Creative New Year’s Resolutions: Final Chapters

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From Charlie Capp's adaptation of <em>Rime of the Ancient Mariner</em>
From and

In the final weeks of 2012, we asked Studio 360 listeners for their creative New Year’s resolutions. We followed up with a small group, promising to gently pressure them into following through on their artistic ambitions.

What is your 2014 creative New Year's resolution? Tell us HERE.

Linda Brewer is an administrator at a skin cancer lab in Tucson, Arizona. She resolved to write a short story for every month of the year and hasn’t missed a deadline. But it hasn’t been easy. “On the first of every month, I start thinking ‘What can this story be about?’ and then I don’t have two weeks to think that up,” she tells Kurt Andersen. “So I grab on to a wisp of an idea and start doing my laborious little riff on it.” Working so constantly on her stories, she became more aware of quirks in her style, like overplotting. “In a story, you can just plop a character down on the moon if you want to. You don’t have to build the whole scaffold to get him there.”

Read Linda’s story for November, “WWJLD?”

Seattle’s Charlie Capp has been working on a comic book adaptation of Samuel Taylor Coleridge’s The Rime of the Ancient Mariner. He’s kept a steady pace throughout 2013, creating illustrations for twelve stanzas each month. “I’ve got to stay on task because I don’t want to disappoint Kurt Andersen and public radio!” he told friends. With the albatross almost off his neck, Charlie has started looking into publishing options. Kurt is the first to enthusiastically endorse his epic graphic poem.

Scroll down to see a slideshow of Charlie's work in progress.




Slideshow: excerpts from Charlie Capp's adaptation of Rime of the Ancient Mariner

Music Playlist

  1. New Year's Day

    Artist: Karen Souza
    Album: Karen Souza Essentials
    Label: Music Brokers
  2. Albatross

    Artist: Fleetwood Mac
    Album: The Pious Bird of Good Omen

Page 6-14
As the ship propels itself across the ocean, a sweet breeze draws the Mariner's gaze outward, and he turns his attention from the unsettling sight of his dead comrades staring at him.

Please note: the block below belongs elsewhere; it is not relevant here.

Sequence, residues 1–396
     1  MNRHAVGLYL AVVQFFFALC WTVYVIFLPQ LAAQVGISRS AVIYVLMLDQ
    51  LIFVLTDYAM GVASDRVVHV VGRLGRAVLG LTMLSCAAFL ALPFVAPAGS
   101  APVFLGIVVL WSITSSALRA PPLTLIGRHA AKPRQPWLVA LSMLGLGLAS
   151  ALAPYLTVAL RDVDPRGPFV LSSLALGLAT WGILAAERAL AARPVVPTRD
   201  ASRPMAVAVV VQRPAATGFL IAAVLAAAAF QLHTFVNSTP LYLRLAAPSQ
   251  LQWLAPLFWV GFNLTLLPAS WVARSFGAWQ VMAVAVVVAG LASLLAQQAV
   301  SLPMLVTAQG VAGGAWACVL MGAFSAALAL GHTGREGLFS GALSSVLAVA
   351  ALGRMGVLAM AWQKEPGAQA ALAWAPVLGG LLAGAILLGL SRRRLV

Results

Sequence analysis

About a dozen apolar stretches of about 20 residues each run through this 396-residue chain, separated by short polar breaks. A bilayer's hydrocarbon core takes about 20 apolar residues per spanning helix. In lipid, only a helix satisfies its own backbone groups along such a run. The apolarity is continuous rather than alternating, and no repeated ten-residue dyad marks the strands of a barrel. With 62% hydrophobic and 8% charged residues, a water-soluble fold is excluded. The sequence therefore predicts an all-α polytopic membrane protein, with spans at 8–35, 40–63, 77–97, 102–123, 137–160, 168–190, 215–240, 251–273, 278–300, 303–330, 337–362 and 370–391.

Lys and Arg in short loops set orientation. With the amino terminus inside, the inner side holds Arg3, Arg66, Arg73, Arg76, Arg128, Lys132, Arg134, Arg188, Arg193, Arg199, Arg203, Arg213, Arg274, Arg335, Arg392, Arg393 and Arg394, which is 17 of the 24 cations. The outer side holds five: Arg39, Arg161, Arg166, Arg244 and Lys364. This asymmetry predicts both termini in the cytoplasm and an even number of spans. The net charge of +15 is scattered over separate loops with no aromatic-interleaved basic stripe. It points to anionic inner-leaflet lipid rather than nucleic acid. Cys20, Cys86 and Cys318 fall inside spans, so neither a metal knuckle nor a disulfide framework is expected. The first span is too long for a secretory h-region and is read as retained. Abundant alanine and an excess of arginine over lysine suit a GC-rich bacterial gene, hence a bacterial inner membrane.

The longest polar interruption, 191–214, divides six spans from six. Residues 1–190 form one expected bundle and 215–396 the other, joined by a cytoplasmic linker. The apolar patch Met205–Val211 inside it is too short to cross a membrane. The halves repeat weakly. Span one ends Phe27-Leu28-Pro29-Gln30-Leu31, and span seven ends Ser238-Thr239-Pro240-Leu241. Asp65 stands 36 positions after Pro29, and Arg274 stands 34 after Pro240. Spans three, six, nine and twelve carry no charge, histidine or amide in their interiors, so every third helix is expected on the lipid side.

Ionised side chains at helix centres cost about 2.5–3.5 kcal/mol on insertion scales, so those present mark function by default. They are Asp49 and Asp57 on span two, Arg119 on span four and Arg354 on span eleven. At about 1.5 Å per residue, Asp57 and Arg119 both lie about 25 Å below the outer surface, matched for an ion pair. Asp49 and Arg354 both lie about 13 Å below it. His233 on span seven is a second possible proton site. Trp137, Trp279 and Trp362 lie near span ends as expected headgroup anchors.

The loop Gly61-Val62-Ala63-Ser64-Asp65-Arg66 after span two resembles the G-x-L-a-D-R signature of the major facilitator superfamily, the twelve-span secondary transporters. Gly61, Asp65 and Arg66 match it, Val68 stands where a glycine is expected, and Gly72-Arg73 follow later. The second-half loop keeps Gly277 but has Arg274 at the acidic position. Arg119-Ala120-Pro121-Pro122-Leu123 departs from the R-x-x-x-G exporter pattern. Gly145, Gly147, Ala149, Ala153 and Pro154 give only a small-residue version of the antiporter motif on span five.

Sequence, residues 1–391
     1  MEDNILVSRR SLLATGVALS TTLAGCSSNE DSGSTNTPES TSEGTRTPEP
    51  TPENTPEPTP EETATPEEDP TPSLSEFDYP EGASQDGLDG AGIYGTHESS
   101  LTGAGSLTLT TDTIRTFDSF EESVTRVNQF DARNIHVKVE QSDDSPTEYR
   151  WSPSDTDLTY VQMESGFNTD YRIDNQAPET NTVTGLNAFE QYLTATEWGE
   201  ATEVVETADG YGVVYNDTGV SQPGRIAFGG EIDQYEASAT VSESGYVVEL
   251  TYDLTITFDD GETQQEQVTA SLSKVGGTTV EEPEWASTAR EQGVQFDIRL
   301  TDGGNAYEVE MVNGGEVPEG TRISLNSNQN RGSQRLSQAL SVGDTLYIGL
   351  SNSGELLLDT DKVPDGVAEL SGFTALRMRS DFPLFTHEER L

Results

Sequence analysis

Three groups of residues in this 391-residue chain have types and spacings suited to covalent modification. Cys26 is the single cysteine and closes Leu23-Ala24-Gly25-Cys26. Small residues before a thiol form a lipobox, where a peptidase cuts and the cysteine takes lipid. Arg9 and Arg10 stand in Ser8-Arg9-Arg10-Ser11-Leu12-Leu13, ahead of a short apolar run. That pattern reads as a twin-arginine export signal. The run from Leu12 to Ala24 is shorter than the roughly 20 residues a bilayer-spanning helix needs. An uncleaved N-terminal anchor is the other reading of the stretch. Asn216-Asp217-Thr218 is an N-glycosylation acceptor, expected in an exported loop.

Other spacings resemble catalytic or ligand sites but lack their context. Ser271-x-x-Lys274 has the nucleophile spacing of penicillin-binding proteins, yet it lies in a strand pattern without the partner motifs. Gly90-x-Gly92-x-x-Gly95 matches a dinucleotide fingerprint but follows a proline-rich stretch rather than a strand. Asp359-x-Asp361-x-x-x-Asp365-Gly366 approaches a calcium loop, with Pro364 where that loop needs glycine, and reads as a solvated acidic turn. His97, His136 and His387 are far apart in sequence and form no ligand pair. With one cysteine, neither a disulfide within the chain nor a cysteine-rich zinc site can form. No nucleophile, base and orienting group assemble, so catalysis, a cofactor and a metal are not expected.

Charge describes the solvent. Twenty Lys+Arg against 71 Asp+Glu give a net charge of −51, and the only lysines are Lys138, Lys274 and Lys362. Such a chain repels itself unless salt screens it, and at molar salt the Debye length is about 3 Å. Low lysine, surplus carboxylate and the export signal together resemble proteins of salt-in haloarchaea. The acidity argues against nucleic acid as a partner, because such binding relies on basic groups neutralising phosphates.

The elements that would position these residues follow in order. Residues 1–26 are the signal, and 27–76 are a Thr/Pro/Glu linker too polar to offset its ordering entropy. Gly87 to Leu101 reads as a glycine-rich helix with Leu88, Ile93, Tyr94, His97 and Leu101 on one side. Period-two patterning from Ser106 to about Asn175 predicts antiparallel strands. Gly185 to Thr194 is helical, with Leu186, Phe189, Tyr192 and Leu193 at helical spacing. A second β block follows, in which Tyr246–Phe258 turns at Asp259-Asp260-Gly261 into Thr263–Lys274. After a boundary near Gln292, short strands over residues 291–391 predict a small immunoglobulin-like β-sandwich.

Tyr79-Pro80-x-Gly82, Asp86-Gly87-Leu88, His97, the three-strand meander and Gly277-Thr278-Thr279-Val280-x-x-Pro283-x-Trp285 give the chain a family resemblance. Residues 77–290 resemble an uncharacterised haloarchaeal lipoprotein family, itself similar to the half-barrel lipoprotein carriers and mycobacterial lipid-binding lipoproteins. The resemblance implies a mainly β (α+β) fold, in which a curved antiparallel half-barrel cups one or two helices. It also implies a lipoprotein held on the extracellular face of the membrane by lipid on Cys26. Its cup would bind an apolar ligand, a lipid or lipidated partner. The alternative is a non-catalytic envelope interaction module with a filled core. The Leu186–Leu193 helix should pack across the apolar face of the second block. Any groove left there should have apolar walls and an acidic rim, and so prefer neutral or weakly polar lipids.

( Charlie Capp )

Page 6-15
Is this really his home shore? Can the Mariner's ordeal at last be at an end? 

( Charlie Capp )

Page 6-26
Drawn by the appearance of a strange ship in the harbor, the Pilot, his son, and a local hermit row toward the ship to investigate. The Mariner hopes that the Hermit can provide some absolution for his sins.

( Charlie Capp )

Page 7-1
The seventh and final part of the poem begins with a short description of the Hermit, a friendly local figure known to the Mariner, who has a deep spiritual connection to nature.

( Charlie Capp )

Page 7-5
The spooky, forlorn appearance of the ship brings to the Hermit's mind a scene of the wood in winter: cold, withered, and prowled by hungry predators. He's no stranger to the darker side of nature.

( Charlie Capp )

Page 7-6
Something is clearly amiss with this ship, and the Pilot is becoming unsettled as they get closer to it. The Hermit, however, is bolstered by his faith, and encourages further investigation.

( Charlie Capp )

Page 7-10
With a thunderous peal, the bay splits open, shattering and sinking the ship, leaving little behind but disturbed water and an echo. Good fortune, however, has brought the weary Mariner into the Pilot's rowboat.

( Charlie Capp )

Page 7-12
The shock of the waterlogged and seemingly dead Mariner springing to life proves to be too much for the Pilot and his son. As the Pilot collapses and the boy panics, the Mariner grabs the oars and makes for the shore. He is ready to be back on land, and isn't going to put up with any more nautical close calls.

( Charlie Capp )